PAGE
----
Bolivien - MC Grecof

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Bolivia, named after independence fighter Simon BOLIVAR, broke away from Spanish rule in 1825; much of its subsequent history has consisted of a series of nearly 200 coups and counter-coups. Comparatively democratic civilian rule was established in the 1980s, but leaders have faced difficult problems of deep-seated poverty, social unrest, and drug production. Current goals include attracting foreign investment, strengthening the educational system, continuing the privatization program, and waging an anti-corruption campaign.



Central South America, southwest of Brazil

Geographic coordinates:

17 00 S, 65 00 W

Map references:

South America


total: 1,098,580 sq km
land: 1,084,390 sq km
water: 14,190 sq km


0 km (landlocked)

Maritime claims:

none (landlocked)


varies with altitude; humid and tropical to cold and semiarid


rugged Andes Mountains with a highland plateau (Altiplano), hills, lowland plains of the Amazon Basin

Elevation extremes:

lowest point: Rio Paraguay 90 m
highest point: Nevado Sajama 6,542 m

Geography - note:

landlocked; shares control of Lago Titicaca, world's highest navigable lake (elevation 3,805 m), with Peru



8,300,463 (July 2001 est.)


noun: Bolivian(s)
adjective: Bolivian

Ethnic groups:

Quechua 30%, Aymara 25%, mestizo (mixed white and Amerindian ancestry) 30%, white 15%


Roman Catholic 95%, Protestant (Evangelical Methodist)


Spanish (official), Quechua (official), Aymara (official)


Country name:

conventional long form: Republic of Bolivia
conventional short form: Bolivia
local long form: Republica de Bolivia
local short form: Bolivia

Government type:



La Paz (seat of government); Sucre (legal capital and seat of judiciary)

Flag description:

three equal horizontal bands of red (top), yellow, and green with the coat of arms centered on the yellow band; similar to the flag of Ghana, which has a large black five-pointed star centered in the yellow band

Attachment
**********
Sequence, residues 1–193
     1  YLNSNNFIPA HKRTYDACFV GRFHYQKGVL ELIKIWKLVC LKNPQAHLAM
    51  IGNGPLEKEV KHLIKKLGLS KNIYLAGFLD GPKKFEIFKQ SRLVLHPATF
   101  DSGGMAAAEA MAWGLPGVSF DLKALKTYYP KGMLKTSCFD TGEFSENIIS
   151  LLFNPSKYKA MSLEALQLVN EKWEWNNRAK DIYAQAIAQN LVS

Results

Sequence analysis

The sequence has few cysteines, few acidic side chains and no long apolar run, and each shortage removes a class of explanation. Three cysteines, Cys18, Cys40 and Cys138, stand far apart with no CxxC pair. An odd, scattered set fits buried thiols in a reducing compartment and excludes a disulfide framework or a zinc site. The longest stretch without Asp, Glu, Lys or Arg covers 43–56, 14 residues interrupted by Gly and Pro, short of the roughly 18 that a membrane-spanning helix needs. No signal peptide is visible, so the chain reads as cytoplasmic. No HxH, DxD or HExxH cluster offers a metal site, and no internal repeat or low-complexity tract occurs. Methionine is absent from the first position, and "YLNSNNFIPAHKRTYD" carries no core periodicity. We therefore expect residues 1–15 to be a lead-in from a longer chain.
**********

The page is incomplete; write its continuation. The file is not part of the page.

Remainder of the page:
Economy - overview:

Bolivia, long one of the poorest and least developed Latin American countries, has made considerable progress toward the development of a market-oriented economy. Successes under President SANCHEZ DE LOZADA (1993-97) included the signing of a free trade agreement with Mexico and joining the Southern Cone Common Market (Mercosur), as well as the privatization of the state airline, telephone company, railroad, electric power company, and oil company. His successor, Hugo BANZER Suarez has tried to further improve the country's investment climate with an anticorruption campaign. Growth slowed in 1999, in part due to tight government budget policies, which limited needed appropriations for anti-poverty programs, and the fallout from the Asian financial crisis. In 2000, major civil disturbances in April, and again in September and October, held down overall growth to 2.5%.


mining, smelting, petroleum, food and beverages, tobacco, handicrafts, clothing

Agriculture - products:

soybeans, coffee, coca, cotton, corn, sugarcane, rice, potatoes; timber


$1.26 billion (f.o.b., 2000 est.)


boliviano (BOB)

Currency code:




total: 3,691 km (single track)
narrow gauge: 3,652 km 1.000-m gauge; 39 km 0.760-m gauge (13 km electrified) (1995)


paved: 2,500 km (including 30 km of expressways)
unpaved: 46,900 km (1996)


10,000 km (commercially navigable)

Ports and harbors:

none; however, Bolivia has free port privileges in maritime ports in Argentina, Brazil, Chile, and Paraguay


Bolivia is a conundrum ... a perfect coffee-producing locale in terms of altitude, soil types, weather. But Bolivia has traditionally had trouble producing consistently high quality coffee. I thought it was an origin we would never stock but a recent arrival sample has proved me wrong, a cup with a sweet cinnamon spiciness, a cup whose charm emerges as it cools. The best growing areas are in the western mountains, adjacent to the Peruvian border and near the Cuzco region. Much of the coffee is grown cooperatively by very small farms (many less than 3 hectares

The Aecar Co-op

The Co-ops trees in a forested shade canopy

The predominantly grown Arabica from the 1,200m high altitude Ngozi is characterized by substantial acidity and a very full flavor.

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